Laws Prevent Adequate Punishment, Court Declares Prisoners Termed Tools of Inhuman Country
Plotters Warned Against More Activity After Release
SAN FRANCISCO, April 30 – Trial of the world-wide Hindu conspiracy case, which was punctuated with sensational exposures of German secret diplomacy and the killing of two defendants in the courtroom, ended here today with the sentencing of twenty-nine of the conspirators. Various fines and prison terms were imposed by United States District Judge William C. Van Fleet. The total of the prison terms was twenty-three and two-thirds years, and the fines $64,000.
In passing sentence Judge Van Fleet expressed regret that he could not impose a heavier sentence.
“The punishment is wholly inadequate to the crime, and the penalty may well be called to the attention of Congress and so amended that it will act as a deterrent. The German defendants represent a system that the civilized world cannot tolerate.”
Louis T. Hengstler, San Francisco admiralty lawyer, was the only defendant to escape a prison sentence. Judge Van Fleet had imposed a County Jail term of four months on Hengstler, but remitted it after Hengstler made a plea to the court protesting his Americanism and denouncing German imperialism. A fine of $5,000 remained against him.
The blame for the conspiracy was placed squarely up to the German supreme command. Judge Van Fleet characterized the Hindu conspirators as mere catspaws of the “ruthless Prussian military system,” and told them that had their revolution succeeded and they had been placed under such a system they would spare no effort to throw it off.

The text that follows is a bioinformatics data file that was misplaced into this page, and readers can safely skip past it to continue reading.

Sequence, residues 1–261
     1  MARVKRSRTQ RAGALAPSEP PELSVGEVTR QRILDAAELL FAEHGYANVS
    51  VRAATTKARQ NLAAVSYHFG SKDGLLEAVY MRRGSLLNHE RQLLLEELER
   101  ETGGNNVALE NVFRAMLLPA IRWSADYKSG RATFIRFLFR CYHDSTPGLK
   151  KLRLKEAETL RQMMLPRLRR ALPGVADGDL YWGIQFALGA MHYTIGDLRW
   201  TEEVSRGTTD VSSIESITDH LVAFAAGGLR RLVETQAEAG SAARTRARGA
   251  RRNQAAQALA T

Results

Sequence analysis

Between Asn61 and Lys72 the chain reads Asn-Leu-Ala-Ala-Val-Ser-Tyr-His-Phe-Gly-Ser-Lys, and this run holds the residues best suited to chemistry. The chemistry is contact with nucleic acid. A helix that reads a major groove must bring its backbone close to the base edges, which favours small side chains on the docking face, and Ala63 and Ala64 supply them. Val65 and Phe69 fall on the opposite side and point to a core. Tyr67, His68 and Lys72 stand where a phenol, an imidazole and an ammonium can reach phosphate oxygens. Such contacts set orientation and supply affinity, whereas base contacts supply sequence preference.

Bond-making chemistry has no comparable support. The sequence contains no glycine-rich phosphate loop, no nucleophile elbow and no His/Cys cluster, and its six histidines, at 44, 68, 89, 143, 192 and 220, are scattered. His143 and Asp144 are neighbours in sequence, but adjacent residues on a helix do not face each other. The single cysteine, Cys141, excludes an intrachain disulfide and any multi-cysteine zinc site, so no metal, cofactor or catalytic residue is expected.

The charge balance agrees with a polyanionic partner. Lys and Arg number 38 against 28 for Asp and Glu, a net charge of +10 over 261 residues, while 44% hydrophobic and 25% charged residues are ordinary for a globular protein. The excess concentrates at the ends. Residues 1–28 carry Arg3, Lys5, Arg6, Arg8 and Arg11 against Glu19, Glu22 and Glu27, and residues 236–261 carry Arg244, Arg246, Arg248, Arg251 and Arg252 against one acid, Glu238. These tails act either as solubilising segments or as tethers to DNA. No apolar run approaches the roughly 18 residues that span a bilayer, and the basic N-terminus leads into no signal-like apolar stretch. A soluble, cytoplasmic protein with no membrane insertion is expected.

The German Foreign Office Embassy at Washington and Consulate at San Francisco were the nerve centers of the world-flung plot to wrest Indian rule from England, Judge Van Fleet said in sentencing Franz Bopp, Wilhelm von Brincken and E. von Schack, the heads of the consulate. Bopp and Schack were given the maximum sentences provided by the violated neutrality laws, two years imprisonment and $10,000 fine. Von Brincken was sentenced to serve two years, this sentence to run concurrently with a similar judgment hanging over him as a result of his alleged participation in bomb and dynamiting plots against the government of Canada.
Bopp and Von Schack made personal pleas to the court in an attempted exoneration of Walter Sauerback, Henry Kauffman, Harry J. Hart, Joseph Bley, M. S. von Goltzheim and others of the white defendants. Judge Van Fleet promised them that their petitions would have some weight in the sentencing of the men to whom they referred.
Sundar Singh Ghalli was excused from the action of the court today when John W. Preston, United States District Attorney, said that his testimony was needed by the grand jury in connection with the assassination of Ram Chandra, one of the principal Hindu defendants in the courtroom last Tuesday. Chandra was murdered by Ram Singh, who in turn was killed by United States Marshal James M. Holohan. Sundar Singh Ghalli was to be sentenced in two weeks.
Judge Van Fleet indicated that no deportation action would be taken against the Hindu defendants in the event that they refrained from revolutionary actions after completing their prison terms